Chemical Breakthroughs Could Lead to Self-Cleaning Lawn Furniture Activated by the Sun

By Chelsea Whyte on July 18, 2012 1:19 AM EDT

lawn furniture bacteria test
Lawn furniture left out in the yard often gathers bacteria and fungi (pictured at top), but with a coating of titanium dioxide, sunlight can activate molecules that make the plastic clean itself (below). (Photo: © Fraunhofer IGB)

Hot, sticky summer weather can make lawn furniture a haven for bacteria and algae, but new chemical breakthroughs could bring that to an end. Scientists at the Fraunhofer Institute for Interfacial Engineering and Biotechnology IGB in Stuttgart are experimenting with titanium dioxide which can stop fungus from festering on outdoor chairs while they are left in the sun.

The researchers tested plastics infused with titanium dioxide molecules, which are activated by the UV light in sunshine. These molecules act as a catalyst, triggering a chemical reaction which produces free radicals. These molecules with unpaired electrons at the surface have a tendency to degrade cell walls along with the DNA inside, reports Popular Science, leaving your lawn chairs free of that black film of bacteria that can accumulate.

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"For example, we ran some outdoor tests on garden chair armrests with photocatalytic coatings and compared them to ones made from conventional plastic," said Iris Trick, group manager at the IGB.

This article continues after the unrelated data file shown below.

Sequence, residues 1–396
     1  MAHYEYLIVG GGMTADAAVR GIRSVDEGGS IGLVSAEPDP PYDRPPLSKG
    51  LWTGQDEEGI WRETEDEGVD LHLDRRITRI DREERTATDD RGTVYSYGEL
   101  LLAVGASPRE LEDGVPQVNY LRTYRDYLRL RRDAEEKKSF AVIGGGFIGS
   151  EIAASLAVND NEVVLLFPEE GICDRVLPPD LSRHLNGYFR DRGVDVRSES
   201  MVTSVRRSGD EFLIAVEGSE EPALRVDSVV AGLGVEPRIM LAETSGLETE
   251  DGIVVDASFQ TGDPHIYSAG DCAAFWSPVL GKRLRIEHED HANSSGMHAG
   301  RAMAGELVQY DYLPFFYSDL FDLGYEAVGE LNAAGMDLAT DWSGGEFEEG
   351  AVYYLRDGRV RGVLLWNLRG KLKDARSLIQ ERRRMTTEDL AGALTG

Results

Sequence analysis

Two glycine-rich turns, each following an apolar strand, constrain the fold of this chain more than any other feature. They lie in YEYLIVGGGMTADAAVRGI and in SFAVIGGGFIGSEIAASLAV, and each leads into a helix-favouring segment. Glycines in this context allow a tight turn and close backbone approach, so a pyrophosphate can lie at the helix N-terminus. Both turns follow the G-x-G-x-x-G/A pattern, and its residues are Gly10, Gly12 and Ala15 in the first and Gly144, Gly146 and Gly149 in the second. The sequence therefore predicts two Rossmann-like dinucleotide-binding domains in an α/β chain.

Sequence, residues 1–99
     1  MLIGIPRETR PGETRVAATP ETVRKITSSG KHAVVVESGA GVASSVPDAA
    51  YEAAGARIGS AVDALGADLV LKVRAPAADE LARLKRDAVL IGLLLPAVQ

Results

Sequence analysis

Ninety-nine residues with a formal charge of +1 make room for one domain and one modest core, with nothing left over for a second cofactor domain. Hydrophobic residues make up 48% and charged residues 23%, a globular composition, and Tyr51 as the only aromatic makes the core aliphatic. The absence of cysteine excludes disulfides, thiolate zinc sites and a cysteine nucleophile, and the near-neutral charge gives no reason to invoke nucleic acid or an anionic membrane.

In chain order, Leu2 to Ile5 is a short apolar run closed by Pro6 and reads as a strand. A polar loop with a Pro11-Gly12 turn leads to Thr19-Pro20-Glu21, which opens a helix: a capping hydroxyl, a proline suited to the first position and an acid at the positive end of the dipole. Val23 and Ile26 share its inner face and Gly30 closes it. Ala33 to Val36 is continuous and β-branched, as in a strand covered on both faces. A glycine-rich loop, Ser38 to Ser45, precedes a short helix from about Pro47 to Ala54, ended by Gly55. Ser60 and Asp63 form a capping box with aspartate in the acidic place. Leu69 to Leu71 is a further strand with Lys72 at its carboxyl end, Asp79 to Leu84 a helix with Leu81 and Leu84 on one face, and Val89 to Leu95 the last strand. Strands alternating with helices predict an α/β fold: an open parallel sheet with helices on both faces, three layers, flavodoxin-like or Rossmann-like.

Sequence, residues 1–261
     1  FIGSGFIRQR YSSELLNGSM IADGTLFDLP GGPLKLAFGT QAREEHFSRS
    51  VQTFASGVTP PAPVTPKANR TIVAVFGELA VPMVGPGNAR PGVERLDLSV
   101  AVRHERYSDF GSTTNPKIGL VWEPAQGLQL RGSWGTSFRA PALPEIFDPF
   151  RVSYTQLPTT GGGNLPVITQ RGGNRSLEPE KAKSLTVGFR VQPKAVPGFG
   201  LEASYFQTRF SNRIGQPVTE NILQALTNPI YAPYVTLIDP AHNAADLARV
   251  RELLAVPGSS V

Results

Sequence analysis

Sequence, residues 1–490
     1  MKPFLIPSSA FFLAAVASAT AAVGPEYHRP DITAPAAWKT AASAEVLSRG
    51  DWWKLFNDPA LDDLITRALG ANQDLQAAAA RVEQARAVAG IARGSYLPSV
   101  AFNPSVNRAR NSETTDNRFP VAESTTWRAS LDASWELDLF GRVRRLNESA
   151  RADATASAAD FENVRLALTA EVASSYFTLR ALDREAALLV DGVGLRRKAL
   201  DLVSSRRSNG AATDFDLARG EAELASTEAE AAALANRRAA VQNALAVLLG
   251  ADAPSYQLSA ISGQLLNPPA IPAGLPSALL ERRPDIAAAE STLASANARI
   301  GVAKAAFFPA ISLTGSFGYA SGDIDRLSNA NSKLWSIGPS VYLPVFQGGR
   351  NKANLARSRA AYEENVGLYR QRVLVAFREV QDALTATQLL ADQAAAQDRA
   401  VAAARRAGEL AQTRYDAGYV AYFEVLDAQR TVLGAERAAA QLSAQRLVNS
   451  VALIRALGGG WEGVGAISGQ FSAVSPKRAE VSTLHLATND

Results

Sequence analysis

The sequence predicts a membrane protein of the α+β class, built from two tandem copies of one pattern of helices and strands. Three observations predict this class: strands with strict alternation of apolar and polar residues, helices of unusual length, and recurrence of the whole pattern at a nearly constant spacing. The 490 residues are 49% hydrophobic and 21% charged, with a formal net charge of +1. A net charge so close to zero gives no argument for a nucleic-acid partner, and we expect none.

And the tests worked. After coating plastic chair armrests with a flurry of fungus, algae, mosses and bacteria, the team found the plastic almost completely clean and still white, even after leaving it exposed to the weather for two years. Chairs left out that long without the titanium dioxide coating had a layer of dirt that was almost impossible to remove, said the researchers.

Titanium oxide coatings are also being developed to keep building facades and glass surfaces clean, according to Gizmodo.

"If you apply a thin coating of titanium dioxide to a glass surface such as a smartphone screen, the skin oils and fingerprints gradually disappear from the display by themselves," said Michael Vergöhl, head of department at the Fraunhofer Institute for Surface Engineering and Thin Films IST in Braunschweig and head of the Fraunhofer Photocatalysis Alliance.

All it takes is one hour of sunlight, unlike previous photocatalytic surfaces which would require a phone to be left in the sun for three days. The researchers say that the next step is to develop coatings that can be activated by artificial light.

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